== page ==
Timing and event segregation (Gregory Kramer )

Subject: Timing and event segregation
From:    Gregory Kramer  <70312.265(at)COMPUSERVE.COM>
Date:    Thu, 16 Sep 1993 10:05:16 EDT

Pierre Divenyi writes: Thus, the problem to be solved is to establish units of t i m i n g -- for the sake of musical meaning and perceptual organization. I'd like to add the demands that auditory display (AD) places upon usas regards understanding this same phenomena. If multiple independent units are perceived as a single unit (presumably of a more complex timbre, as the onsets become part of the overall texture), the information to be conveyed by the display could be corrupted. It is possible to avoid this design problem by disallowing such small fast units or, I suppose, by training the system user what 'fused' events sound like and what that means in terms of the data driving the system. One of the sonification systems I designed uses pulse onsets in the range of 50 to 250 milliseconds. Speed and duration (as a percentage of on time) can both be used as display variables. We found, informally, that below 50 ms. that display resolution was weak, and beyond 250 ms. the gaps between events disrupted the information-conveying ability of the sonification display. But, at 50 ms. it is easy to perceive a single event, particularly with longer durations. If other continuous auditory streams were employed simultaneously with the one described, confusion, not to mention masking, could become an issue. Gregory Kramer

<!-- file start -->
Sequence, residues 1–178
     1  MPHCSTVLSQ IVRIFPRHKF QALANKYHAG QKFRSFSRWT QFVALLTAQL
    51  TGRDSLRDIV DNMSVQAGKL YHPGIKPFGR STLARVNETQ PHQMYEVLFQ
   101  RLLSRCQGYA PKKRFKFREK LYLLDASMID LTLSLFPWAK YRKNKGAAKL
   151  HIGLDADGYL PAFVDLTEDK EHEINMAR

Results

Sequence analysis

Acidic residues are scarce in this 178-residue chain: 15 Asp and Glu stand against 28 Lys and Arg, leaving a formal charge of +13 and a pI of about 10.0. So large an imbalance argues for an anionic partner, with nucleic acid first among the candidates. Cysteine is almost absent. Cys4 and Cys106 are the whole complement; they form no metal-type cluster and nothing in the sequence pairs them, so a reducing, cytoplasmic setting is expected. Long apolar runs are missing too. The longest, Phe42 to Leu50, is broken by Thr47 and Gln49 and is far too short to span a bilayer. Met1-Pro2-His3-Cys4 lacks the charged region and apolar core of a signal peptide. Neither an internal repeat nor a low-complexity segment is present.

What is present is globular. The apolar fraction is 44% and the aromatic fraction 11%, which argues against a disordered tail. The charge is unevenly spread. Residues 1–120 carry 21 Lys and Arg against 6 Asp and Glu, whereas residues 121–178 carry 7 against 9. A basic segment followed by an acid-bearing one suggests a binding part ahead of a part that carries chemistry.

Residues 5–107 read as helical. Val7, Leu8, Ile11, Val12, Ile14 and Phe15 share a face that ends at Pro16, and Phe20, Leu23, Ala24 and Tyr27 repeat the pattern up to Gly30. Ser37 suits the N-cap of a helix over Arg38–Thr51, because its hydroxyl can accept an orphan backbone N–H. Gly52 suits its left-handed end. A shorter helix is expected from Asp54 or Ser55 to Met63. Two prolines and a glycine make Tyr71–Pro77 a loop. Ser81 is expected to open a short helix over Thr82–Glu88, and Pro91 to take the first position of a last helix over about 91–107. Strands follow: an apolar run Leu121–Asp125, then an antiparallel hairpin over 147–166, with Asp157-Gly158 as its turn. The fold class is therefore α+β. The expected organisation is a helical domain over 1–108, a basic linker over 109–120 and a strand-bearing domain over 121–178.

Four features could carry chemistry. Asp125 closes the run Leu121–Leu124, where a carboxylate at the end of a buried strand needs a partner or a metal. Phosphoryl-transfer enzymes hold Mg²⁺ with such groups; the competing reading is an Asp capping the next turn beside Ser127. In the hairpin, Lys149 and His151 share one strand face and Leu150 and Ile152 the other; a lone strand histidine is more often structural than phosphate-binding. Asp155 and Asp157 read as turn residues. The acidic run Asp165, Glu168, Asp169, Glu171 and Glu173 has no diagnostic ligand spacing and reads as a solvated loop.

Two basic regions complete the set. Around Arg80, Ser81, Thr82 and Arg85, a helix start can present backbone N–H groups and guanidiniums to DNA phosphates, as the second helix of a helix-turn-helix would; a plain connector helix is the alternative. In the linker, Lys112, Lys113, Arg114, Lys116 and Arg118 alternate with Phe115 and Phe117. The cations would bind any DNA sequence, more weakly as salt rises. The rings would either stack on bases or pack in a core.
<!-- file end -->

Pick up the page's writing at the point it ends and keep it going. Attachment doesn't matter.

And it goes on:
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Electrical Engineering Dept., Columbia University